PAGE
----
Summer is well underway. And, as we Ontarians relish the last of these wonderful sweet sticky months we thought now might be as good a time as any to talk about vacations. While it might be too late to secure time at that cutecottage before labour day, we hope this short guide will answer some common questions about vacation time and vacation pay.
I started a new job, when can I take my first vacation?
Unfortunately, not any time soon. Employees are only entitled to vacation time after a full year of employment with the same employer. Yes, this means you can wait over a year before taking two weeks off to rest and relax.
The good news is that after five years of continuous employment (this includes time spent on job-protected leaves of absence such as parental leave or medical leave), employees are entitled to three weeks of vacation time.
How is vacation pay calculated?
For employees with less than five years of continuous employment with the same employer, vacation pay is at least 4% of your gross wages earned in your 12 month vacation entitlement year. For employees with five or more years continuous employment, vacation pay must be at least 6% of your gross wages. Vacation pay is usually paid to an employee as a lump sum before they take their earned vacation time.
Gross wages include regular earning and commissions, bonuses, overtime pay, public holiday pay and termination pay. It does not include tips and gratuities.
If you do not finish a vacation entitlement year you are not entitled to vacation time, but you are entitled to the vacation pay you have accrued for the time you worked.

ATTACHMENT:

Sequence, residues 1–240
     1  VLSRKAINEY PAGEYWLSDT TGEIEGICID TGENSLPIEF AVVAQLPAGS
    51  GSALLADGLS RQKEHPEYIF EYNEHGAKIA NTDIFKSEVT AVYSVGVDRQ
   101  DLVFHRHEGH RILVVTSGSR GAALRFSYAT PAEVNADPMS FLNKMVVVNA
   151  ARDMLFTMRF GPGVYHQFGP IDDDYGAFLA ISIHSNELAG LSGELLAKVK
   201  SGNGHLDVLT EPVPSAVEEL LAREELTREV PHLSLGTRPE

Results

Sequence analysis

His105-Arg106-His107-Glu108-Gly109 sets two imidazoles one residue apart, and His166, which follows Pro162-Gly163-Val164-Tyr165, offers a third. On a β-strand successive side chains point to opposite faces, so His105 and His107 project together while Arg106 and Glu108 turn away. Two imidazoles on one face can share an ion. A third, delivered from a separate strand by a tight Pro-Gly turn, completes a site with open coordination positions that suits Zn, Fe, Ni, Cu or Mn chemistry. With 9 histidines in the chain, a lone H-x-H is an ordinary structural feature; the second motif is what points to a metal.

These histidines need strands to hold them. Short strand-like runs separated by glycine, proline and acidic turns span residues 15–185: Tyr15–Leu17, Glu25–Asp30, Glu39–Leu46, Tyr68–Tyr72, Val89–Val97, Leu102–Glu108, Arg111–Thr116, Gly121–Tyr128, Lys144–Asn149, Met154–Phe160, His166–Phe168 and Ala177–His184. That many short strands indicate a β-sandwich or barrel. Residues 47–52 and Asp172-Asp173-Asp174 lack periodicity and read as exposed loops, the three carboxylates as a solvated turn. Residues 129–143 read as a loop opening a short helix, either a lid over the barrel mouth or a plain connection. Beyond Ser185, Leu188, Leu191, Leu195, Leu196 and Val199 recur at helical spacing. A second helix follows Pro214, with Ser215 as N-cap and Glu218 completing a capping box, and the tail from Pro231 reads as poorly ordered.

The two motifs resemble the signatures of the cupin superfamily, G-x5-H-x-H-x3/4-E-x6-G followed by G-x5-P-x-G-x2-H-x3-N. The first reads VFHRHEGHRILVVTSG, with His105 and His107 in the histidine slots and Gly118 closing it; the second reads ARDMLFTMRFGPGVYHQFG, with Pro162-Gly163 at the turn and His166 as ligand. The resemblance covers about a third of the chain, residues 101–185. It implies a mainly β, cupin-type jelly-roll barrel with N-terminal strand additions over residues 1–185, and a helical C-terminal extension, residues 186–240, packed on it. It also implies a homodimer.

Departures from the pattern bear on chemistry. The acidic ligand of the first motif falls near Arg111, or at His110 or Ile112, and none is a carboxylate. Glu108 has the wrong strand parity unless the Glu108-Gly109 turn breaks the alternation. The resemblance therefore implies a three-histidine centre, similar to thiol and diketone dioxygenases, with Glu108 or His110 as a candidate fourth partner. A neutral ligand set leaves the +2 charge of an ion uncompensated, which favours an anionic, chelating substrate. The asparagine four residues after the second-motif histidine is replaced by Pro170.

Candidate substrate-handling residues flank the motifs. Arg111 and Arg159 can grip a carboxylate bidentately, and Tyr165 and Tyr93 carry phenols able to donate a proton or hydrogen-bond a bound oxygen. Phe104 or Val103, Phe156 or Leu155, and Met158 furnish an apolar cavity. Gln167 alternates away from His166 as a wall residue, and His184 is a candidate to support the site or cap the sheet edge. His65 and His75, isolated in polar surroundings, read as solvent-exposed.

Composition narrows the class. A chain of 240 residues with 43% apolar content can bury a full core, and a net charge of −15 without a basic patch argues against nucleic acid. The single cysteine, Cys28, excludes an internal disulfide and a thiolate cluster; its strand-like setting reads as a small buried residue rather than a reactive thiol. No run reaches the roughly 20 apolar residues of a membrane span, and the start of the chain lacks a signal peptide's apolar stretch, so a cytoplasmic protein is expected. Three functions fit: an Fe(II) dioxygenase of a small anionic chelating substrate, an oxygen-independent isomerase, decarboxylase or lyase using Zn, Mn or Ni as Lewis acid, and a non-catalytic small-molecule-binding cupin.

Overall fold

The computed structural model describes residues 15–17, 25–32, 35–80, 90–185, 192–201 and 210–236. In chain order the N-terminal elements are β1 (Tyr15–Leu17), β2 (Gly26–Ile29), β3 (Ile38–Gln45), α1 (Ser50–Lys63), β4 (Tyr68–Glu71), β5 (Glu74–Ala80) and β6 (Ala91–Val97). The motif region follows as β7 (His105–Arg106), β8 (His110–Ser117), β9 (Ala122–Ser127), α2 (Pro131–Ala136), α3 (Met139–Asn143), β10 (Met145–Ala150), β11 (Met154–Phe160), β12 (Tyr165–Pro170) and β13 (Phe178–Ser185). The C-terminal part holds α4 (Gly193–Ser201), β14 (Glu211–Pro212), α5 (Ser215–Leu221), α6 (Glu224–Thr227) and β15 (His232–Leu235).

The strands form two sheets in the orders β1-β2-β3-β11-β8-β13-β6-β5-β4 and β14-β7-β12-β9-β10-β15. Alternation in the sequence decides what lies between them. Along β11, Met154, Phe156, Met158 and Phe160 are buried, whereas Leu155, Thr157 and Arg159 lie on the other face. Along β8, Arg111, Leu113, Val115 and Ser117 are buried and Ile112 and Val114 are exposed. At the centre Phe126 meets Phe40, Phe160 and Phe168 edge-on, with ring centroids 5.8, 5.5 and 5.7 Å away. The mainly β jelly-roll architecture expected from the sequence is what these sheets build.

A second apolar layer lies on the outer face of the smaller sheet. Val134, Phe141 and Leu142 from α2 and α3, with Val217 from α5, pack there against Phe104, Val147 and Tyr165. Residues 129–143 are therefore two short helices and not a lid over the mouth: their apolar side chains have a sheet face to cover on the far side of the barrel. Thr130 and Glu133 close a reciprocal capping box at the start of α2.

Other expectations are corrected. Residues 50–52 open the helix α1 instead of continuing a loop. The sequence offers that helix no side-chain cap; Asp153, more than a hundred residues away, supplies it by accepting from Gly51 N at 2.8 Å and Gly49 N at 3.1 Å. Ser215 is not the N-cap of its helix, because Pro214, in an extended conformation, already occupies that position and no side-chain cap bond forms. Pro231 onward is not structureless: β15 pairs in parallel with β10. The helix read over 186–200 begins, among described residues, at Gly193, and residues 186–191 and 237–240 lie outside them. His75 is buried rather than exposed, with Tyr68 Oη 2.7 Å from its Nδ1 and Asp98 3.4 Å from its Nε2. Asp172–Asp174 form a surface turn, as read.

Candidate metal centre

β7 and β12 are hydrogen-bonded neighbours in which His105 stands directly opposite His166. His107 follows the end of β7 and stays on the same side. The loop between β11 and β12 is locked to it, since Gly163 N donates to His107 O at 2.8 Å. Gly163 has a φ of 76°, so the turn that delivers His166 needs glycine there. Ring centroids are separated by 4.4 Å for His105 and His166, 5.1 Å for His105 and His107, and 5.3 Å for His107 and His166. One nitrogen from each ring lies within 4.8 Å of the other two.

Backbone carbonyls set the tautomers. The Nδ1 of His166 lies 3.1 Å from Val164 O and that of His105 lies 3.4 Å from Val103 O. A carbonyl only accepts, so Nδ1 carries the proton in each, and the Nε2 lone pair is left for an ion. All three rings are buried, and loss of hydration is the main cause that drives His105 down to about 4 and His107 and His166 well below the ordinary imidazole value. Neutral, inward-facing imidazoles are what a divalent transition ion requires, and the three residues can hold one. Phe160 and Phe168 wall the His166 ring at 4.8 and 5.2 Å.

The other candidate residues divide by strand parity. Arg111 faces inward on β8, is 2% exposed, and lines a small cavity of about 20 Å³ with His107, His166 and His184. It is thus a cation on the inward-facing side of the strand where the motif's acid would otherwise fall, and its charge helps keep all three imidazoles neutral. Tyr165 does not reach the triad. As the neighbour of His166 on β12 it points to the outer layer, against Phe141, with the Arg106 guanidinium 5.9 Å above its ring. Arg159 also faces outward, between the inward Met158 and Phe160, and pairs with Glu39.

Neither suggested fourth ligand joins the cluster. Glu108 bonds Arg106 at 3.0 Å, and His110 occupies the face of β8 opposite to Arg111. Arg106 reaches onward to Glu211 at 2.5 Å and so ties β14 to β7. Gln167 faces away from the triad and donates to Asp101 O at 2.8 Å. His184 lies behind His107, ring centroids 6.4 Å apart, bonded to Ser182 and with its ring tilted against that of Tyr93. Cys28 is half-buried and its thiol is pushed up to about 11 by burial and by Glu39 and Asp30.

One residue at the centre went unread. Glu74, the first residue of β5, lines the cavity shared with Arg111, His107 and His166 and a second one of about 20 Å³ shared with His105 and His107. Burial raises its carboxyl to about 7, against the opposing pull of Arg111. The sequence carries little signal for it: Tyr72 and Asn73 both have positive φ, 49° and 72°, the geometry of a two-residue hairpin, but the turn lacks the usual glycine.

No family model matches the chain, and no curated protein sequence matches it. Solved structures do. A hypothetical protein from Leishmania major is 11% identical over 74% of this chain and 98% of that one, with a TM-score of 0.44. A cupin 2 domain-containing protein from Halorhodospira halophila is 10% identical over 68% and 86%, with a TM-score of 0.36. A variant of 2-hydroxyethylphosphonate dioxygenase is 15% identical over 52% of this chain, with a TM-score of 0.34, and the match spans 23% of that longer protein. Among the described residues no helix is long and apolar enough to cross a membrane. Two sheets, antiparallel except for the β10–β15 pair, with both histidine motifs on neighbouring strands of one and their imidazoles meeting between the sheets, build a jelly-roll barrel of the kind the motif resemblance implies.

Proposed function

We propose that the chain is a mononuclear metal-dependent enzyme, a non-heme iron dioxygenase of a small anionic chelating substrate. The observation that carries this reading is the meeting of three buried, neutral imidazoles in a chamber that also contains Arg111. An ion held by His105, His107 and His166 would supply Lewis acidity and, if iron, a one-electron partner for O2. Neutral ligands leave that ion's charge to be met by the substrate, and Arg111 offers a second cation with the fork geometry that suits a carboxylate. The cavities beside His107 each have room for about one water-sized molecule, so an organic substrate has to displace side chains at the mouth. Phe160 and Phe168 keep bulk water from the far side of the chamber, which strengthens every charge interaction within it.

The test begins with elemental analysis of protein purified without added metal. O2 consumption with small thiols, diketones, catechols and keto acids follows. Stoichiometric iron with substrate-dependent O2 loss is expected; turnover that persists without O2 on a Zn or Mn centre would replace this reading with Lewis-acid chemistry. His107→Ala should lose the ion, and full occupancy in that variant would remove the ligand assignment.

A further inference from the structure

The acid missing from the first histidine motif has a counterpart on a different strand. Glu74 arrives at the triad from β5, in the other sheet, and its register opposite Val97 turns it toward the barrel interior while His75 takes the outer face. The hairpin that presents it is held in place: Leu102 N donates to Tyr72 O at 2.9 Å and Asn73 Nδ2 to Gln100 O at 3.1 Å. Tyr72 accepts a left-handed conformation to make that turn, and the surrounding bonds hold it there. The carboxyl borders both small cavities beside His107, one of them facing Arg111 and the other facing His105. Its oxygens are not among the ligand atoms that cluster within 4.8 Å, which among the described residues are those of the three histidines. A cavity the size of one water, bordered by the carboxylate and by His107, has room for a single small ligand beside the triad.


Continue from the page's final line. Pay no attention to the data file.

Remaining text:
What is a vacation entitlement year?
According to the government of Ontario, a vacation entitlement year is “the 12-month period over which employees earn vacation.” This includes time that an employee is away from work due to injury or illness, a layoff, or an approved leave of absence.
Normally, an employee’s vacation entitlement year begins on their first day of employment. This means that an employee who begins work on May 1st, 2019 will be entitled to two weeks of vacation time as of May 1st 2020.
It is also common for employers to give employees an alternative vacation entitlement year that coincides with the calendar year. In such cases, the employee is entitled to a pro-rated amount of vacation time for the stub period between the start of their employment and the beginning of the vacation entitlement year.
When can I take vacation?
Vacation time must be taken within 10 months of completing a vacation entitlement year. Employers are responsible for ensuring their employees take their vacation time before the end of this 10-month period. While employees can usually ask for specific time off, your employer ultimately has the right to schedule when you take your vacation time.
Furthermore, vacation must be taken in blocks of one of more weeks, rather than individual days unless specifically requested by the employee.